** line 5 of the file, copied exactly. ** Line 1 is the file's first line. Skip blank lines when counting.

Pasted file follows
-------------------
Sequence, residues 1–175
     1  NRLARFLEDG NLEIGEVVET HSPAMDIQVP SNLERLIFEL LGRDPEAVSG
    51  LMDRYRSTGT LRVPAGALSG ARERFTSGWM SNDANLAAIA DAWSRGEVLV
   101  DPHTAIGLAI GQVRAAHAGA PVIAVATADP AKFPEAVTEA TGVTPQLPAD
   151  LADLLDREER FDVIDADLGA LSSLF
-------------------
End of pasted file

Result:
   151  LADLLDREER FDVIDADLGA LSSLF